By Nnandi Massac, Communications Intern
The holiday season has arrived and with it comes family gatherings, work parties, and something less fun: increased flu activity. In the first two months of this flu season (October 1 to November 30), the Centers for Disease Control and Prevention (CDC) estimated that 2.5 million illnesses, 1.2 million medical visits, 29,000 hospitalizations, and 2,400 deaths were associated with influenza. With over 37.4 million flu illnesses estimated for the 2019-2020 flu season, and flu activity likely to continue into February and possibly even into May, it’s not too late to get prepared and get vaccinated. Every year, National Influenza Vaccination Week reminds of us this.
Sponsored by the Centers for Disease Control and Prevention (CDC), and observed this year from December 1-7, National Influenza Vaccination Week (NIVW) is a national awareness week that focuses on highlighting the importance of influenza vaccinations. During this week, local health departments and their public health partners remind communities about protecting themselves and loved ones with the flu vaccine. The flu vaccine is recommended yearly for everyone ages six months and older as the first and most important step to help prevent flu. Annually, the vaccine prevents millions of illnesses and medical visits, tens of thousands of hospitalizations, and thousands of deaths, helping protect everyone who may be vulnerable to the flu and diminishing the severity of illness in people who still get sick.
While many people have already been vaccinated, it’s important to continue to promote the vaccine and continue vaccination efforts because influenza activity peaks each year between November and March. Plus, increasing vaccination rates can help protect those who may not be able to get vaccinated or are at high risk of serious flu complications including pregnant women, children, people 65 years and older, and babies younger than six months.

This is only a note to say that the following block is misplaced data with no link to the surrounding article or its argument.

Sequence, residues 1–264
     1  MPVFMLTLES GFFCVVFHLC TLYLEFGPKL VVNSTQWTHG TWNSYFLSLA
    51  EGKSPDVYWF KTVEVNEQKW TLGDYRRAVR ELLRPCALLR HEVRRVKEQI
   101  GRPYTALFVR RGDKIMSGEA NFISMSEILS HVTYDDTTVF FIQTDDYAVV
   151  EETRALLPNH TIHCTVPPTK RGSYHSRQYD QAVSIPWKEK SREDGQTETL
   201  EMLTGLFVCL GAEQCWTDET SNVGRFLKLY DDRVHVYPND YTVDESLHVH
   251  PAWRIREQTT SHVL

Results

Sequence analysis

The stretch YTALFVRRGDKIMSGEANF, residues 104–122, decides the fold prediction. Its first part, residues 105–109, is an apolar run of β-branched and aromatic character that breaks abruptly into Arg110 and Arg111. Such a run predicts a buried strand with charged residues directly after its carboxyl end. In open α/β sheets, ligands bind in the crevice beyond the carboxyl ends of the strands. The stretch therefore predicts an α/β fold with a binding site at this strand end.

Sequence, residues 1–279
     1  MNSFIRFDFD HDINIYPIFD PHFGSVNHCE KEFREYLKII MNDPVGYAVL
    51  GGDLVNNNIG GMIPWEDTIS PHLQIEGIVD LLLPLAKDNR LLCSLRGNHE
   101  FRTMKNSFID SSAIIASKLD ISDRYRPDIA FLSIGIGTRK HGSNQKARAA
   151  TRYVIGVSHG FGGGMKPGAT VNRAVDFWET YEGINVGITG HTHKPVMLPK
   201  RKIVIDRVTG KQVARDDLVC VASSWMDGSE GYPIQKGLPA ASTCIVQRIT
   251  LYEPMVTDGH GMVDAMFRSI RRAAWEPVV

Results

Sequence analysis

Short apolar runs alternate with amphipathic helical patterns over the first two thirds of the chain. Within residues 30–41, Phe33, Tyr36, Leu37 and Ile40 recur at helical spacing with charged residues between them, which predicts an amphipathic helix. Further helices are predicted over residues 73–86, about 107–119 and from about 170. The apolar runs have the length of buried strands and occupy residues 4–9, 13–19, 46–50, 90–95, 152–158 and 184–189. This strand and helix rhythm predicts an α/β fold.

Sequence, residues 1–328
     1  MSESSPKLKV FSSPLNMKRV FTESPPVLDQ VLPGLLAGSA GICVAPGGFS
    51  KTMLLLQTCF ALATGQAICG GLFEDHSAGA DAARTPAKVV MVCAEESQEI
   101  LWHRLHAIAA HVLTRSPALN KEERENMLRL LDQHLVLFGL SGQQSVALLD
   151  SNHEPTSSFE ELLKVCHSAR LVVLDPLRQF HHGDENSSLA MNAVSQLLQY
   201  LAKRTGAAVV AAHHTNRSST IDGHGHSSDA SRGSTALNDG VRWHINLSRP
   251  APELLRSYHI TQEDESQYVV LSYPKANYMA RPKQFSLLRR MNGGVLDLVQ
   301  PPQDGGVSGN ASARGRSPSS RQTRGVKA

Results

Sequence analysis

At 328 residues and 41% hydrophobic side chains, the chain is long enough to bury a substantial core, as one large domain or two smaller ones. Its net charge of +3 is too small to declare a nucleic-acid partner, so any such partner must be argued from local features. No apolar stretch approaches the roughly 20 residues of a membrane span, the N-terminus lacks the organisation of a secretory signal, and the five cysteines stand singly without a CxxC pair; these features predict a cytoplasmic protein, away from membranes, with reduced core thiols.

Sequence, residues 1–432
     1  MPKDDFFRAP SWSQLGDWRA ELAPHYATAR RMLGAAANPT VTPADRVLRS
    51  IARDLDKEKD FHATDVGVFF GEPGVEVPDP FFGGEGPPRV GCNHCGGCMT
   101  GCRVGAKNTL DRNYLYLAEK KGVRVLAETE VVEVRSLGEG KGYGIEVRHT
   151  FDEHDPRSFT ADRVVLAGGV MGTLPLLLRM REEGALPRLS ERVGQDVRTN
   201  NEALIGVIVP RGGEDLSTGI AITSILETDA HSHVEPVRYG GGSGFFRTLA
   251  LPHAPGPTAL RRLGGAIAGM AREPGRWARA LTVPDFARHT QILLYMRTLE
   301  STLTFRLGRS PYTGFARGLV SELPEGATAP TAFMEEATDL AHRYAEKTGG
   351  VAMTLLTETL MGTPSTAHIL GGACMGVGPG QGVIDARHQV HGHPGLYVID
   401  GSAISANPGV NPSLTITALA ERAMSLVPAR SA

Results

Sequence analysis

To continue promoting the importance of the flu vaccine in your communities, check out CDC’s NIVW digital media toolkit to access matte articles, flyers, posters, videos and toolkits. In addition to these resources, new tools are also available to help local health departments track influenza and immunization activities in their communities.
Using Surveillance to Track & Respond to Flu Activity
While continuing to vaccinate during flu season, surveillance also remains important. Flu Near You is a participatory surveillance system that engages the public in reporting on their health. A brief survey, consisting of a set of 10 symptom questions and a few follow-up questions, is sent out weekly and completed through the website or the mobile application. The survey lets individuals report symptoms in real-time, including date of onset, and answers that meet the definition of influenza-like-illness (ILI) are displayed on a digital map showing ILI rates in a given area.
The CDC also has flu updates and activity and surveillance tools available, along with resources to find where influenza vaccines are being administered in your community. The Flu Vaccine Finder allows people in your community to locate flu vaccine clinics convenient to them; simply enter a zip code or city and state to find mapped locations of flu vaccine clinics. Widgets and banners for the Flu Vaccine Finder are available here to post on your website.
Promoting the Flu Shot at NACCHO: Leading by Example
Annually, public health officials prepare for the flu season and emphasize the importance of receiving the flu vaccine. While NACCHO advocates for healthy communities across the nation, we recognize that it is important that the organization also advocate for the health and wellness of its own community. To “lead by example,” NACCHO sought to create a culture of total wellness and prepare staff for the upcoming influenza season by hosting a Wellness and Flu Vaccination Event on September 25, 2019. Held for the third consecutive year, the event featured health screenings, flu vaccinations, and statements from CEO Lori Tremmel Freeman and President George T. Roberts, Jr. Over 30 staff members received their flu vaccine and health screenings. To learn more about why we host this event, check out this Story from the Field.
The flu vaccine can save lives, prevent severe morbidity, and lower healthcare costs, so take advantage of the tools from National Influenza Vaccination Week to promote the flu vaccine in your community. Additional information and resources are available at http://www.cdc.gov/flu/nivw/.